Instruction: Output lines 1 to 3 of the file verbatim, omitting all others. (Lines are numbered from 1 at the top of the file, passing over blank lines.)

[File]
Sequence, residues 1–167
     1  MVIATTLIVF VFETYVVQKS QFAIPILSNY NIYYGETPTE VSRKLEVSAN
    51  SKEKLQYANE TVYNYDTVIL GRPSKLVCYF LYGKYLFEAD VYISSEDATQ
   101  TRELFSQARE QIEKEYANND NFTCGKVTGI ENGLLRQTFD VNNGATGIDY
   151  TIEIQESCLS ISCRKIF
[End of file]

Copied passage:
Sequence, residues 1–167
     1  MVIATTLIVF VFETYVVQKS QFAIPILSNY NIYYGETPTE VSRKLEVSAN
    51  SKEKLQYANE TVYNYDTVIL GRPSKLVCYF LYGKYLFEAD VYISSEDATQ